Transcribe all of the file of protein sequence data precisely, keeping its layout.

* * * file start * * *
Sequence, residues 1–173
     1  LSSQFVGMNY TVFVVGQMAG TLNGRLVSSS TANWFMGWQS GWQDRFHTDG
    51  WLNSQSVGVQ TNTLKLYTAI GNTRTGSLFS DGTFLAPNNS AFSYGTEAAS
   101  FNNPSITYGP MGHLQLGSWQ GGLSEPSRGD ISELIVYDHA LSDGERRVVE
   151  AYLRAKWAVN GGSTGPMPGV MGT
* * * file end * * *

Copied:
Sequence, residues 1–173
     1  LSSQFVGMNY TVFVVGQMAG TLNGRLVSSS TANWFMGWQS GWQDRFHTDG
    51  WLNSQSVGVQ TNTLKLYTAI GNTRTGSLFS DGTFLAPNNS AFSYGTEAAS
   101  FNNPSITYGP MGHLQLGSWQ GGLSEPSRGD ISELIVYDHA LSDGERRVVE
   151  AYLRAKWAVN GGSTGPMPGV MGT